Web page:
Less then Perfect

Prepared by:

Joseph Malkevitch
Department of Mathematics and Computer Studies
York College (CUNY)
Jamaica, New York 11451

email:

malkevitch@york.cuny.edu

web page:

http://york.cuny.edu/~malk

The fact that there are elections in which there is no Condorcet winner may seem to be nothing more than a quaint curiosity. Unfortunately, the situation is not this benign.

You should verify for yourself that the election below has no Condorcet winner. B beats A in a two-way race, A beats C in a two-way race, and C beats B in a two-way race.

In voting bodies such as the United States Senate, the United States House of Representatives and other similar legislative bodies votes are taken between pairs of options that take the form of votes between pairs of alternatives, usually one of the alternatives being the status quo (do nothing). The order in which voting takes place is often specified via a "rules committee" or by "rules of order." One sometimes speaks of an "agenda" that governs the order in which the votes are taken.

Consider the voting situation above, where A is the status quo, and B is a proposed change which has been amended to take form C. Hence, the legislators have to form opinions of these three alternatives. Suppose the preferences of the 31 legislators is as above. I claim that what emerges as the "law of the land" depends merely on the order in which the votes are taken!!!

Suppose that a vote is taken between A and C and the winner is voted on against B. Since A beats C, A wins, and when A and B are voted on, B becomes the law of the land.

Suppose a vote is taken between A and B and the winner is voted on against C. Since B beats A, when B and C are voted on, C becomes the law of the land.

Finally, suppose B and C are voted on first, and the winner is voted on against A. Since C beats B, when C and A are voted on, A becomes the law of the land.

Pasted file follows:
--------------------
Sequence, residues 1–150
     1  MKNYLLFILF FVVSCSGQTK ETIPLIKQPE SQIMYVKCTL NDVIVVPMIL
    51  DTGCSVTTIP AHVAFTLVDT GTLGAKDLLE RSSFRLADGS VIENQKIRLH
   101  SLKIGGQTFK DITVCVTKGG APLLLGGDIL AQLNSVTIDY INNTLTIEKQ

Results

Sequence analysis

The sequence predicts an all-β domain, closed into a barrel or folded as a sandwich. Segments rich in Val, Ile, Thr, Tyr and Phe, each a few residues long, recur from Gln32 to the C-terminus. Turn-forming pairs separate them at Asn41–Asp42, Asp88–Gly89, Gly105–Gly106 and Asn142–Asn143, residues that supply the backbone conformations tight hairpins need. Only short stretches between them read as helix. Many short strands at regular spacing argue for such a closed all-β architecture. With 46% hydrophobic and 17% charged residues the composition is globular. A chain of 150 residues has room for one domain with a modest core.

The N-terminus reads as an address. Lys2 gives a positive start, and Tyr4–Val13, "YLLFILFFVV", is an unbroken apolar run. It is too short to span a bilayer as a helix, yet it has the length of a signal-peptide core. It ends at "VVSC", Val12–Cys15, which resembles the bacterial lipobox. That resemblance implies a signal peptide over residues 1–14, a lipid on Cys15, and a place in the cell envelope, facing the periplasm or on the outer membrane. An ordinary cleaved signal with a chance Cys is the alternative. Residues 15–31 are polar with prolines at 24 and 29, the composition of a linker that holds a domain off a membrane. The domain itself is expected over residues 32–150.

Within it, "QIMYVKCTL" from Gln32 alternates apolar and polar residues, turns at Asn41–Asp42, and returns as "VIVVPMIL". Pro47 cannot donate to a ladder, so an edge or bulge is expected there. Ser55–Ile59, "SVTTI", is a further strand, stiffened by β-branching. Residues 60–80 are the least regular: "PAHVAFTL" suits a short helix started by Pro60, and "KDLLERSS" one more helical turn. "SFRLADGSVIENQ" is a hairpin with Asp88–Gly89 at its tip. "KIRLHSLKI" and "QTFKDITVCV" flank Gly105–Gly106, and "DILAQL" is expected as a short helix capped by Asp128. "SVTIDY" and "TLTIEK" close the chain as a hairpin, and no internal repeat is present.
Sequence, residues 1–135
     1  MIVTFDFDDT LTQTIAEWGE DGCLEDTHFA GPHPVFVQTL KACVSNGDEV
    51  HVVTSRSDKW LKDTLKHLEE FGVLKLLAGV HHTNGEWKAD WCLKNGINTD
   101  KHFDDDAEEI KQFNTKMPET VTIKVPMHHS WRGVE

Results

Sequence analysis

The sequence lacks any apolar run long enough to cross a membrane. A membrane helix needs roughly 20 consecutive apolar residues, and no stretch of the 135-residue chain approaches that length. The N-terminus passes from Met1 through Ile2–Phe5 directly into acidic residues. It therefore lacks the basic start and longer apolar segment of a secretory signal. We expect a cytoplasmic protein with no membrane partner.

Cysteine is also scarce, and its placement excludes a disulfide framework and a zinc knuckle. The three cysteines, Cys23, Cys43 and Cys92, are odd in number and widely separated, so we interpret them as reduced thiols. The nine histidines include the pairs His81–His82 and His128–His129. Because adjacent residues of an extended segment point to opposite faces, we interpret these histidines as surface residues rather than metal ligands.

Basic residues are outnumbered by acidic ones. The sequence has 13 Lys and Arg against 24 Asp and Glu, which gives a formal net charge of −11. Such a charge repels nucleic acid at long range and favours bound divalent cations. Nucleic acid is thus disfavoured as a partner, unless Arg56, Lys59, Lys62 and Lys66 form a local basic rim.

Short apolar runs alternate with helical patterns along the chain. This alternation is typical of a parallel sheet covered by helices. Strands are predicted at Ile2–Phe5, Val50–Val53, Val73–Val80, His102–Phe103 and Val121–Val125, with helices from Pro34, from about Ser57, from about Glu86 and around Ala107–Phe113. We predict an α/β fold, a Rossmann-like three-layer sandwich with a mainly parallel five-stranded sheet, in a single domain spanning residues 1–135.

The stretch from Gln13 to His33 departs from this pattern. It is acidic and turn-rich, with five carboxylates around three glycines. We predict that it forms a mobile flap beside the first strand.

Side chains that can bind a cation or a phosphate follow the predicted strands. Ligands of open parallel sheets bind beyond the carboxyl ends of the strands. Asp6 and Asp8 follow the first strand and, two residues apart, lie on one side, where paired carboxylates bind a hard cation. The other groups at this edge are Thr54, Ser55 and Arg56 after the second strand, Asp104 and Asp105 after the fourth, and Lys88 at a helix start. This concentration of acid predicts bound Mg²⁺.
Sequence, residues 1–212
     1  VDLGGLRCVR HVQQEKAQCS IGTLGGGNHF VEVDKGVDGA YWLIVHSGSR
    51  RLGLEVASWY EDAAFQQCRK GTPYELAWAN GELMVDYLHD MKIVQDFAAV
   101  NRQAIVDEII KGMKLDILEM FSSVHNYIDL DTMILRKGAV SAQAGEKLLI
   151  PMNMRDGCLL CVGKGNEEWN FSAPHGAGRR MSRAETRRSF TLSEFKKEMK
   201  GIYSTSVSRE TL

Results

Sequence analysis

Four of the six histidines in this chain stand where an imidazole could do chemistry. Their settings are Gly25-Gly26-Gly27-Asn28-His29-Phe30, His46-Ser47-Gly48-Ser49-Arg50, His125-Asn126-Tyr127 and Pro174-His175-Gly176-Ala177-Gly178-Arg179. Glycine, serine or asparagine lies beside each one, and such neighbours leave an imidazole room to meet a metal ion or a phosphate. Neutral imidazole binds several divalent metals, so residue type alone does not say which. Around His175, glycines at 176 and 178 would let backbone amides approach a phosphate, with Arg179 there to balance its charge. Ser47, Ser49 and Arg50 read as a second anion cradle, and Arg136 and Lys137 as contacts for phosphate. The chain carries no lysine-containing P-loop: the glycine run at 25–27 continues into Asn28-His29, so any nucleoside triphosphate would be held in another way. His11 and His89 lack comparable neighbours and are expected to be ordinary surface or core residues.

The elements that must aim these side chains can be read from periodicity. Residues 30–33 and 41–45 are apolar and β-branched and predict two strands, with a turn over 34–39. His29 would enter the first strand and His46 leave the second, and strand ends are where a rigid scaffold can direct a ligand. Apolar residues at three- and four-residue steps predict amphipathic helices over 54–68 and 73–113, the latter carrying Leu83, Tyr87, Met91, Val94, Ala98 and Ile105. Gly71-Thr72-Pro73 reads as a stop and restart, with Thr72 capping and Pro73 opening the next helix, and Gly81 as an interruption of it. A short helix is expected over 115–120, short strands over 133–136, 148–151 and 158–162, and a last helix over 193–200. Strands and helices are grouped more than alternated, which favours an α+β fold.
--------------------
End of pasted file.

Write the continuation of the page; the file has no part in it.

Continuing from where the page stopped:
Thus, the legislative results depend only on the order in which votes are taken, not on the content of the actions being considered! Of course, this unpleasant situation is a result of the sharply divided opinions of the legislators, which takes the form of the ballots produced above.

Another important issue for the fairness of election method systems is raised by the examples below. Seemingly appealing and intuitively "fair" procedures such as Sequential Run-off (single transferable vote or STV; also sometimes called IRV, instant Run-off voting) do not obey the monotonicity principle. Monotonicity is the principle that if voters push a candidate higher on their ballots, this should not harm the candidate whose name was moved higher.

Example (S. Brams, Professor of Government at NYU)

The number of votes for the different preference schedules above, reading from left to right are: 7, 6, 5, and 3. votes.

Since no candidate has a majority (11 votes), the lowest vote getter D is eliminated. In the next round C gets the votes that went to D in the previous round but still no candidate has a majority. Hence, B is eliminated. In the final round vote between A and C the winner is A, by 13 to 8. Now consider what happens if the three voters who ranked D first change their ranking by interchanging A and D, leaving the positions relative to the other candidates the same. The new election is shown below:

The number of votes for the different preference schedules above, reading from left to right are: 7, 6, 5, and 3. votes.

Now, in the first round C is eliminated. In the election that results between A and B, B wins 11 to 10! Thus, increased support for A results in B's winning instead of A. This feature of the Single Transferable Vote (sequential run-off) is rather disconcerting!

Here is another example.

Example: (H. Moulin; Moulin until recently a professor at the University of Texas in Austin, but now returned to Europe, where he trained as a mathematician.)

This example shows that the run-off method does not obey
the Monotonicity Principle.

Consider first the election L:

votes for the preference schedules from left to right: 6 4 2 5

Since C gets the fewest first-place votes, alternative C is eliminated and in the run-off phase of the decision process, A beats B by 11 votes to C. Hence, A is the winner.

Now consider election M, which differs from L in that the preference schedule which was voted for by two voters has been altered so that now alternative A is preferred to alternative B. Note C is still rated last by these two voters.

Election M:

votes for the preference schedules from left to right:: 6 4 2 5

In this election, B gets the fewest first-place votes and is, therefore, eliminated. In the run-off phase of the election between A and C, C beats A by 9 to 8. Hence, the additional support that A received costs A the election!

Yet another example:

Here are two elections, "before" and "after" some of the voters have changed their preferences.

Compute the winner of the elections using a variety of methods and see what you discover.

Warning: If an election method behaves well in particular cases, will this guarantee that it will behave well in all examples?